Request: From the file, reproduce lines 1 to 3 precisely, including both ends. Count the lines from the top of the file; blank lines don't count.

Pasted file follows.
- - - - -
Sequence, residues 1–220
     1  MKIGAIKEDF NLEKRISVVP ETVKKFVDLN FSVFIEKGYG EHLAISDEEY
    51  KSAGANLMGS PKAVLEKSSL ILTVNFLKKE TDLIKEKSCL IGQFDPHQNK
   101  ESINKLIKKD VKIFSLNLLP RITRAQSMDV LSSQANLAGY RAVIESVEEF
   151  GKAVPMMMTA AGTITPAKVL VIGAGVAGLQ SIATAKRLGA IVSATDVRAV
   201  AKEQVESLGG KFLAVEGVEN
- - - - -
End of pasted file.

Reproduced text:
Sequence, residues 1–220
     1  MKIGAIKEDF NLEKRISVVP ETVKKFVDLN FSVFIEKGYG EHLAISDEEY
    51  KSAGANLMGS PKAVLEKSSL ILTVNFLKKE TDLIKEKSCL IGQFDPHQNK